I am a loyal reader of Washington City Paper. Before it was purchased by Creative Loafing, it regularly featured sometimes oddball but often compelling cover stories, and coverage of local government that was often better than what I read in The Washington Post. It also attracted some of the best up-and-coming names in local journalism, who went on to be top writers at papers like The Washington Post. City Paper editor Eric Wemple has struggled valiantly over the last few months to keep up the quality of the product even as he slashed staff, but last week he announced in the paper that it would no longer publish weekly cover stories. I've often been befuddled by City Paper's choice of cover stories, but appreciated the paper's commitment to good feature writing and in-depth investigation. Now that's gone. I fear the local political and neighborhood coverage will be next. And this is what worries me most: With The Washington Times having given up on local coverage to be basically a Capitol Hill political paper, and The Washington Post tightening its belt, what happens when the City Paper is too emasculated to keep The Post honest? With all of the dark corners that exist in Washington and elsewhere, who's going to shine the light? If City Paper is crippled or worse, the loss to the city will be substantial. I've worked in media, and I understand newspapers are businesses. But the best papers provide an essential public service, and I wonder if the owners at Creative Loafing didn't drink enough of John Sugg's Kool-Aid -- the old-school notion that profit is the reward for good content and smart business practices. There are a some businesses, even in this rough economic and media environment, that are weatheruing the storm with that formula. I hope Creative Loafing tries harder to follow that roue rather than what seems to be the self-defeating, bass-ackwards norm: profit before content.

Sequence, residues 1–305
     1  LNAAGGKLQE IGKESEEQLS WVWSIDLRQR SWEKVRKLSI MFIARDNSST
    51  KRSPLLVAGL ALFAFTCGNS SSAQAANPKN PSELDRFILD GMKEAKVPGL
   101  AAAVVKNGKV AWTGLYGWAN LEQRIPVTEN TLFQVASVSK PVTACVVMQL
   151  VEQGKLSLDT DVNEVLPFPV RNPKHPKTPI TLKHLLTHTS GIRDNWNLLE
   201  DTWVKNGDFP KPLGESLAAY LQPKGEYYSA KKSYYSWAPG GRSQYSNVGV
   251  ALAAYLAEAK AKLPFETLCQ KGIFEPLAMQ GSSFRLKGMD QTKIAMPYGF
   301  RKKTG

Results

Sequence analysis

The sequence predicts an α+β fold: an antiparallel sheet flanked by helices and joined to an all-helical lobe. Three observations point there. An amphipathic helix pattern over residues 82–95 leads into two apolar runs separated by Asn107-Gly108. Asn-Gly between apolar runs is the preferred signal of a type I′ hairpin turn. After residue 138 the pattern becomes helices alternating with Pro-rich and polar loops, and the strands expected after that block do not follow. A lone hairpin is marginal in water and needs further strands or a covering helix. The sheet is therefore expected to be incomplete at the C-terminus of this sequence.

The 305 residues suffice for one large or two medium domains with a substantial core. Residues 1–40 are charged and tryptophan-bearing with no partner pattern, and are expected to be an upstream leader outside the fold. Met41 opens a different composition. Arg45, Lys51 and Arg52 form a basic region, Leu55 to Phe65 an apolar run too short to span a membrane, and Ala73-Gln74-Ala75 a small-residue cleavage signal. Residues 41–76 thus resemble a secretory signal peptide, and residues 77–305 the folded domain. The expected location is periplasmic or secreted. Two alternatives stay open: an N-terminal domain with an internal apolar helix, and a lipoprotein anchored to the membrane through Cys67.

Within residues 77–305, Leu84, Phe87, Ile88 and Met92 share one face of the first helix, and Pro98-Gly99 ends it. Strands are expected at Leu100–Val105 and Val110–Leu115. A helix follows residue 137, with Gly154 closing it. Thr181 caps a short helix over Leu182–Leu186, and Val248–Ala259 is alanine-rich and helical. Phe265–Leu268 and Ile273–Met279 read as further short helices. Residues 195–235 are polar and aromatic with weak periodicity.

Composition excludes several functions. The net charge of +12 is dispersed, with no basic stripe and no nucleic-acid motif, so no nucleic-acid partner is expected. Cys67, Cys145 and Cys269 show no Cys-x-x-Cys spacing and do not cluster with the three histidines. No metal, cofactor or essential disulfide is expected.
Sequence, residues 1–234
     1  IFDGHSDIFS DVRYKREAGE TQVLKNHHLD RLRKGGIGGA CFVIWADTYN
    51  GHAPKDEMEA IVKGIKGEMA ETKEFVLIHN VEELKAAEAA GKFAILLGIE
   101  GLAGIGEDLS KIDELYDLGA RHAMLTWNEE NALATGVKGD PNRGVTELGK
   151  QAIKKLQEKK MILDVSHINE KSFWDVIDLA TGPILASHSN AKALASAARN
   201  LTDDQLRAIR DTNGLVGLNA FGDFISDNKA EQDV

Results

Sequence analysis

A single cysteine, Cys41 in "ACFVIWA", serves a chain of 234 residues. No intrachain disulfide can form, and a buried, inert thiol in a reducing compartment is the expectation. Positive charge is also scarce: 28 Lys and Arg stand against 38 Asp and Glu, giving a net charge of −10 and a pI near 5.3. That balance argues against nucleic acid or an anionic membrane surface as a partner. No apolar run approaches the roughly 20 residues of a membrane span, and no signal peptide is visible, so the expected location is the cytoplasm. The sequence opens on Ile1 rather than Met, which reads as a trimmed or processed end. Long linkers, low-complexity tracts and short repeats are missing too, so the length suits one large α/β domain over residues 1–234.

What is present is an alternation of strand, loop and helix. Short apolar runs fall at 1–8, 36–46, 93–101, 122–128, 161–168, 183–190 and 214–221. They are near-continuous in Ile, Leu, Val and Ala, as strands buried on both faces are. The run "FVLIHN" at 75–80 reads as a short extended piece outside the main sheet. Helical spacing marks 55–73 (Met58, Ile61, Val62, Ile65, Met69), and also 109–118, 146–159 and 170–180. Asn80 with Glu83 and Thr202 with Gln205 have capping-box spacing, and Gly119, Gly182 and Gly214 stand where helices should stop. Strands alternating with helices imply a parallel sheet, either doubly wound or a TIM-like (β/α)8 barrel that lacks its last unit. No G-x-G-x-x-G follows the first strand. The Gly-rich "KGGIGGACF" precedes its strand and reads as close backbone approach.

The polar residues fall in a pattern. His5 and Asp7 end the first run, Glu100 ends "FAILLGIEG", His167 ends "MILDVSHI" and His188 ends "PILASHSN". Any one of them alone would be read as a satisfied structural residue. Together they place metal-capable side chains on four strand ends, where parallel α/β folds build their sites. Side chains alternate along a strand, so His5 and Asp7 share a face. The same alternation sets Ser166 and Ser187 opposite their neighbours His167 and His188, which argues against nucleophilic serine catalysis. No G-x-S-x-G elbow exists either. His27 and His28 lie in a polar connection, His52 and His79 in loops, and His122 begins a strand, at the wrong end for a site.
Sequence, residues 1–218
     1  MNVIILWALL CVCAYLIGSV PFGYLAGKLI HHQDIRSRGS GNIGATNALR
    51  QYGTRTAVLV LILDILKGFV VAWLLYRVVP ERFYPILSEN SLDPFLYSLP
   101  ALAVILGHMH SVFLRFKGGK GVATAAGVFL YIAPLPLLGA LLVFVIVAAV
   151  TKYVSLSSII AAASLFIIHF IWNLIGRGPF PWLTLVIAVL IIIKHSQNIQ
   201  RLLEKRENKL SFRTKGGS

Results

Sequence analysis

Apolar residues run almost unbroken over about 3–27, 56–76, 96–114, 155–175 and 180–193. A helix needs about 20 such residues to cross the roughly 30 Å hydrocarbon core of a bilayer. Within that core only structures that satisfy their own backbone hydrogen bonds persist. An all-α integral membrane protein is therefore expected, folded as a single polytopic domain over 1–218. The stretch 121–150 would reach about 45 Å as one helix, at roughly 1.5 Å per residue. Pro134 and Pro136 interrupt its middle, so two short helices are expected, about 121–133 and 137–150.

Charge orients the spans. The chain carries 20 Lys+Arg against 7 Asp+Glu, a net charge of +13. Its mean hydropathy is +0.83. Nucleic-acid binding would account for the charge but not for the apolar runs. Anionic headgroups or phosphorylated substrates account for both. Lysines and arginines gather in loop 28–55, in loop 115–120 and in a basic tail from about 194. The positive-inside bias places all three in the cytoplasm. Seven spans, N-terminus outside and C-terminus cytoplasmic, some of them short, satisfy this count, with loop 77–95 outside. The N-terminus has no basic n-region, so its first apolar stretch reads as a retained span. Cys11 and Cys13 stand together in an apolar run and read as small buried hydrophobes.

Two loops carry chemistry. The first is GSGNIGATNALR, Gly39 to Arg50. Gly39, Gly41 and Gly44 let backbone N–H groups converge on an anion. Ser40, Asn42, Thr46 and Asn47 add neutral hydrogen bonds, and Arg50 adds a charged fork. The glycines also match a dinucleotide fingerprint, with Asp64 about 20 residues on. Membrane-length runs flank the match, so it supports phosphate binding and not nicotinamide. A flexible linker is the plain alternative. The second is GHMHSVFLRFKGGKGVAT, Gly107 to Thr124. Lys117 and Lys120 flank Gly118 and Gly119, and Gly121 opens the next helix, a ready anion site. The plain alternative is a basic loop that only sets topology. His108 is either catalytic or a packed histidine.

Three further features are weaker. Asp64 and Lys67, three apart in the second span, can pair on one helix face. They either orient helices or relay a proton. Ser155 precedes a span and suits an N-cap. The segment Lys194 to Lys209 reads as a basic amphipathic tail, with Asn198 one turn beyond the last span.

Creative Loafing Atlanta
Powered by Foundation